Professor Cyndi Shannon Weickert
Senior Principal Research Scientist (Conjoint)
Studies show that more than half of all Australians will experience mental illness in their lifetime.
From schizophrenia and bipolar disorder, to cancer-related cognitive impairment and depression, our world-leading researchers bring together multiple disciplines, perspectives and approaches to develop new solutions for psychosis, inflammation-associated disorders and stress-related conditions.
Brain development in children and adolescents with schizophrenia
Genetics of schizophrenia
Causes and biomarkers of schizophrenia
Atypical brain development in schizophrenia
Role of hormones in schizophrenia
New treatments for schizophrenia
Schizophrenia and depression
Impact of inflammation in schizophrenia
Genetics and epigenetics of bipolar disorder
Rare variants which increase risk to bipolar
Cancer–related cognitive impairment, anxiety and depression
Autism and neuroinflammation
Our aim is to help create a world where mental illness is better understood, effectively treated and ultimately prevented.
Schizophrenia affects one in 100 Australians and roughly 20 million people worldwide. For 70-80 per cent of people with schizophrenia, it is a chronic, lifelong condition. Current treatments for schizophrenia are focused only on alleviating psychosis – just one aspect of the condition, are ineffective in approximately 30 per cent of patients, and often have severe side effects. Our schizophrenia researchers, led by Prof Cyndi Shannon Weickert, are determined to change that by classifying and defining biological subgroups within the diagnosis. Once those biologically informed subgroups are defined, we can develop precision treatments that will be more effective for individuals in those subgroups across the major psychiatric illnesses.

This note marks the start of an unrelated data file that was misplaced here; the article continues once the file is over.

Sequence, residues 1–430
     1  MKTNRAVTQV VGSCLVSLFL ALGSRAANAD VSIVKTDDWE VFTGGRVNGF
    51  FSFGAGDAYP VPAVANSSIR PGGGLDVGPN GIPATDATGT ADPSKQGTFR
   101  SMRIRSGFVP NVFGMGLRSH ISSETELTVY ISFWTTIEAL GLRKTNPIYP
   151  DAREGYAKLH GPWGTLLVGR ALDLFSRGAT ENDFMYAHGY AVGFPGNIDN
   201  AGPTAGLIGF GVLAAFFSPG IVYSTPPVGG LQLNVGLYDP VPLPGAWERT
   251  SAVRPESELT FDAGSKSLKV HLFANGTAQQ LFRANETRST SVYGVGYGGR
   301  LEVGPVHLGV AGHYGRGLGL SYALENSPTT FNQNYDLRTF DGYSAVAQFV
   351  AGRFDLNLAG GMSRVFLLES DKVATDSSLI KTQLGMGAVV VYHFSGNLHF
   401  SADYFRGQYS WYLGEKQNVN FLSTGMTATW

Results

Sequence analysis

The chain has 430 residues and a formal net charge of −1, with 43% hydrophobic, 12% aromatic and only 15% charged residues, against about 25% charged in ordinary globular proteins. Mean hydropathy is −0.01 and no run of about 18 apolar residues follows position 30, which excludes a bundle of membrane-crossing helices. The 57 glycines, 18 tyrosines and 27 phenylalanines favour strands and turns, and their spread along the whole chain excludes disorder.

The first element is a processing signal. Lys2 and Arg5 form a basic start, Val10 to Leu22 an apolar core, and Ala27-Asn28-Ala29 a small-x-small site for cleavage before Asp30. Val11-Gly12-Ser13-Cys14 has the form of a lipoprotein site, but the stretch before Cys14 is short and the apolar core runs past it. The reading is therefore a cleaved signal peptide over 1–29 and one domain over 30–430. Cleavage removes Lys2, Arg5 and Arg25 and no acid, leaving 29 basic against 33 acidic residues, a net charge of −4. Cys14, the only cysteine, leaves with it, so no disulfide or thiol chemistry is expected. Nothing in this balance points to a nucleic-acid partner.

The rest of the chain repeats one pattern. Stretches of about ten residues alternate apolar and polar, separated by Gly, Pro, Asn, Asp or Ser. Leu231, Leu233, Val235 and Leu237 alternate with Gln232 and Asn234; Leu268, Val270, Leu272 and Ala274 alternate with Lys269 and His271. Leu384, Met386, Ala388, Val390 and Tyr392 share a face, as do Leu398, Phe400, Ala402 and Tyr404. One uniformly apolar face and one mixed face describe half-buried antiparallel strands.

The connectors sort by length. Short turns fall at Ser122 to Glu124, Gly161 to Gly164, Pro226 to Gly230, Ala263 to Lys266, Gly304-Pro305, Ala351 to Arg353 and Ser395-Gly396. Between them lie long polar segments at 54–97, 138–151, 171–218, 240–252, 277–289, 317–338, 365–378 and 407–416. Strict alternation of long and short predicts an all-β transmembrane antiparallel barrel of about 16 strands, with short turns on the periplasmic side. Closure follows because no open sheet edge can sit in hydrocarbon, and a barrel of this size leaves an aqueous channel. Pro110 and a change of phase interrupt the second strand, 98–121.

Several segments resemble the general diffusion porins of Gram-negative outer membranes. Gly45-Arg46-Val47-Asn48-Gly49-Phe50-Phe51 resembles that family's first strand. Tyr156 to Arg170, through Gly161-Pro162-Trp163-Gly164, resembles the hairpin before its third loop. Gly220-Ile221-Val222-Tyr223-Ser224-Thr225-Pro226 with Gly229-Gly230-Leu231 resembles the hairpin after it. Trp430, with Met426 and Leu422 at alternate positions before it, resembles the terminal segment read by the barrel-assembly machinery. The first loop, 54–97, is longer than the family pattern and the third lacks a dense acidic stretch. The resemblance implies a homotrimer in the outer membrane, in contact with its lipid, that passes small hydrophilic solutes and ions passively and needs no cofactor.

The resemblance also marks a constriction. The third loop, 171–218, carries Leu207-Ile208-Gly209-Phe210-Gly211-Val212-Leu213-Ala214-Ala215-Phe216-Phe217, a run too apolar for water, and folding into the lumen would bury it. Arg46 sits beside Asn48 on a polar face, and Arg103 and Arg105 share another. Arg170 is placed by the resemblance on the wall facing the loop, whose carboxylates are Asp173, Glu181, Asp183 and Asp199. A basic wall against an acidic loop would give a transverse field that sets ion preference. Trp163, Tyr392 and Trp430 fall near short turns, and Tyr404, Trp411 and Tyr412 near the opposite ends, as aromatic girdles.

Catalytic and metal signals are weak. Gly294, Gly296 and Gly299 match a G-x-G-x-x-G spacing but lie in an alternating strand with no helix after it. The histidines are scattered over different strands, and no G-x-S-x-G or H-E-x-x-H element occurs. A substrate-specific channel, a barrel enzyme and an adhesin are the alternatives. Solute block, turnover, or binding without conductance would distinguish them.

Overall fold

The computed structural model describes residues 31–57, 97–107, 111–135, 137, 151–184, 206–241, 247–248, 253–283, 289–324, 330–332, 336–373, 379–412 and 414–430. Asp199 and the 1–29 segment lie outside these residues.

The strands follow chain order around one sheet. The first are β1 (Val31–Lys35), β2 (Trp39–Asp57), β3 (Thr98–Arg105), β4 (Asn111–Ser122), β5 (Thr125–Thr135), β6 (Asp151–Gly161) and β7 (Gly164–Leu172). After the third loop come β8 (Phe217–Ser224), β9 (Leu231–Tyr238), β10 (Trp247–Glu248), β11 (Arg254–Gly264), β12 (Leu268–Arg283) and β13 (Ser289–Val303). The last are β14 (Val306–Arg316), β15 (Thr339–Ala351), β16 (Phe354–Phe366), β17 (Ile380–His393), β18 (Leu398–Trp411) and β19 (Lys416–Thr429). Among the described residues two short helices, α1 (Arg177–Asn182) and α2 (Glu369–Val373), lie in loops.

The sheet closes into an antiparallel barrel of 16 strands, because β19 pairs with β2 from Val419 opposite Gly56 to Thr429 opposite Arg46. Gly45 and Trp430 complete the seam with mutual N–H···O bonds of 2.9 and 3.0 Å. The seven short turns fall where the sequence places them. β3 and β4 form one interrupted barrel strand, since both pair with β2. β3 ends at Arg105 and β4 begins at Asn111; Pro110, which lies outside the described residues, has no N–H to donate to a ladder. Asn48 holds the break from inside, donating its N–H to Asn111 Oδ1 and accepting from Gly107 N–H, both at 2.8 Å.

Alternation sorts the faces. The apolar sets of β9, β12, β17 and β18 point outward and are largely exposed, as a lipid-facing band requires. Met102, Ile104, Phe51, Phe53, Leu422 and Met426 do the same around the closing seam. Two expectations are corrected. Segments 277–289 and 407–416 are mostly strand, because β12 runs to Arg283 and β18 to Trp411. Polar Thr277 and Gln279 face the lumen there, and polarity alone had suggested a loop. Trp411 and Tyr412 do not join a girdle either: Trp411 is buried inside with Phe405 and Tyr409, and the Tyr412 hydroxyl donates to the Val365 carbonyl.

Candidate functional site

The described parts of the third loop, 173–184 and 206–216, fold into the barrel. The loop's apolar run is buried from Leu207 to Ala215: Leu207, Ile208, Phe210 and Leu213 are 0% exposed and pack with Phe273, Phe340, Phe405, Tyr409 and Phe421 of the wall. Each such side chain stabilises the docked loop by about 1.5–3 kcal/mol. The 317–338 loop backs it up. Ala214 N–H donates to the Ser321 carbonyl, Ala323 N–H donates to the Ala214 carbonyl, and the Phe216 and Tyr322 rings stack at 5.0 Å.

Bipolar disorder is also a major psychiatric illness, affecting around one per cent of the population worldwide. The condition is characterised by periods of depression and mania, and is sometimes accompanied by psychosis. While no single cause is known, the risk of bipolar disorder is influenced by a combination of genetic and environmental factors. Our research looks at the role that genes play in how bipolar disorder develops and how it is inherited.
Senior Principal Research Scientist (Conjoint)
Research Fellow, Group Leader - Laboratory of Immunopsychiatry, Neuroscience Research Australia
Sleep and circadian rhythm disruption represent a major risk factor for cancer progression and its associated side-effects such as mood disorders and cognitive impairment. Using mouse models of sleep and circadian rhythm disruption of shift workers, we are identifying…
The Laboratory of ImmunoPsychiatry collaborates closely with the Schizophrenia Research Laboratory at NeuRA. We are investigating the role of astrocytes in the pathophysiology of schizophrenia and the intersection of antipsychotic treatments with neuroinflammation to…
Cognitive impairment is extremely common among cancer patients and survivors. The Laboratory of ImmunoPsychiatry has determined that the cancer itself contributes to this using animal models of breast cancer, which may be prevented by the use of anti-inflammatory…
The Laboratory of ImmunoPsychiatry is determining the role of resident immune cells (microglia) in the pathophysiology of inflammation-induced depression. Using animal models they are determining whether suppressing activation of these cells can prevent or treat…
Bipolar Disorder is a highly heritable mood disorder characterised by oscillating periods of depression and mania. Previous research has established that this illness is accompanied by widespread changes in brain structure and function. However, the causes of these…
The pathophysiology of dopamine dysregulation in schizophrenia involves alterations at the level of the level. Given that inflammatory mediators such as cytokines can influence the functional properties of midbrain dopamine neurons, midbrain inflammation may play a…
A study of men and women between 18 to 70 years of age with a diagnosis of either melancholic or non-melancholic depression to research the extent to which blood biomarkers may be elevated in melancholic and non-melancholic subtypes of depression.
Studying the molecular basis of raloxifene (a SERM) modulation of dopamine signalling in schizophrenia, which uses a maternal immune activation rodent model of schizophrenia to better understand how raloxifene brings about its effects.
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